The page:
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abstract = "Background: Nematodes of the genus Anisakis parasitize many commercial fish species and are responsible for a fish-borne zoonosis (anisakiasis) and allergic reactions. Anisakis can also cause consumer distrust in fishery products and economic losses to the fish industry. Scope and approach: We review current socioeconomic, legislative, risk management and human health problems caused by the occurrence of Anisakis in fishery products and discuss possible strategies to mitigate them. Key findings and conclusions: Visual inspection (and candling) of fishery products as required by EU legislation is not efficient for parasite detection. Consequently, visible (and non-visible) Anisakis reach the market and may be detected (and eaten) by consumers. Marine fish appears to be the only industrial food product that is at high risk of containing parasites when placed on the market. Anisakiasis and allergy to Anisakis are hidden, underestimated emerging zoonoses worldwide. There is a need to better understand the impact of these zoonoses on individual health and particularly exposed human populations, and to assess the risk posed by Anisakis allergens in fishery products. Quantitative risk assessment (QRA) is identified as an appropriate methodology as it estimates the risk from fishing ground to human disease. Improvements in parasite control legislation and procedures (e.g. establishment of research-based and standardized parasite detection methodologies, appropriate sampling strategies, development of non-destructive methods for detection and removal of nematodes from fish products), suitable for use by seafood businesses, are recommended to improve protection of consumers and to protect the industry by minimizing Anisakis-associated economic losses. QRA may help to provide the scientific basis for improved food safety legislation and strategies to reduce the risk of anisakiasis/allergy in humans.",
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note = "Miguel Bao was partially supported by a PhD grant from the University of Aberdeen and by additional support from the EU-project PARASITE. We wish to especially thank all the partners involved in the EU-Project PARASITE consortium for their valuable contribution to the ideas herein presented.",
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AU - Pascual, Santiago

AU - González-Muñoz, Miguel

AU - Levsen, Arne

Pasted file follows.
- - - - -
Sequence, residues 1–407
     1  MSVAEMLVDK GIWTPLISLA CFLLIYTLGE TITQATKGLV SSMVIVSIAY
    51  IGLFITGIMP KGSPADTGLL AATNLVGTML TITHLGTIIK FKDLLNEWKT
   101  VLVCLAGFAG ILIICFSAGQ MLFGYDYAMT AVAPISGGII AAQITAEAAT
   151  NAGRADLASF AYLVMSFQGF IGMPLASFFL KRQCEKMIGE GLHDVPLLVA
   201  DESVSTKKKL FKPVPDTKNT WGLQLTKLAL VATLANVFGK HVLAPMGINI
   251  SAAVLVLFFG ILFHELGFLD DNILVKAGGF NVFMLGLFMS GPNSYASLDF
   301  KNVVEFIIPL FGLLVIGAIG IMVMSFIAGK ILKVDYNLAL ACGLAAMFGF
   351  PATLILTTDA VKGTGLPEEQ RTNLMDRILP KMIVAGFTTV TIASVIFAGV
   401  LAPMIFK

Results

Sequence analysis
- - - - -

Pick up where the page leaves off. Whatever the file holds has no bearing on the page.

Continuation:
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AB - Background: Nematodes of the genus Anisakis parasitize many commercial fish species and are responsible for a fish-borne zoonosis (anisakiasis) and allergic reactions. Anisakis can also cause consumer distrust in fishery products and economic losses to the fish industry. Scope and approach: We review current socioeconomic, legislative, risk management and human health problems caused by the occurrence of Anisakis in fishery products and discuss possible strategies to mitigate them. Key findings and conclusions: Visual inspection (and candling) of fishery products as required by EU legislation is not efficient for parasite detection. Consequently, visible (and non-visible) Anisakis reach the market and may be detected (and eaten) by consumers. Marine fish appears to be the only industrial food product that is at high risk of containing parasites when placed on the market. Anisakiasis and allergy to Anisakis are hidden, underestimated emerging zoonoses worldwide. There is a need to better understand the impact of these zoonoses on individual health and particularly exposed human populations, and to assess the risk posed by Anisakis allergens in fishery products. Quantitative risk assessment (QRA) is identified as an appropriate methodology as it estimates the risk from fishing ground to human disease. Improvements in parasite control legislation and procedures (e.g. establishment of research-based and standardized parasite detection methodologies, appropriate sampling strategies, development of non-destructive methods for detection and removal of nematodes from fish products), suitable for use by seafood businesses, are recommended to improve protection of consumers and to protect the industry by minimizing Anisakis-associated economic losses. QRA may help to provide the scientific basis for improved food safety legislation and strategies to reduce the risk of anisakiasis/allergy in humans.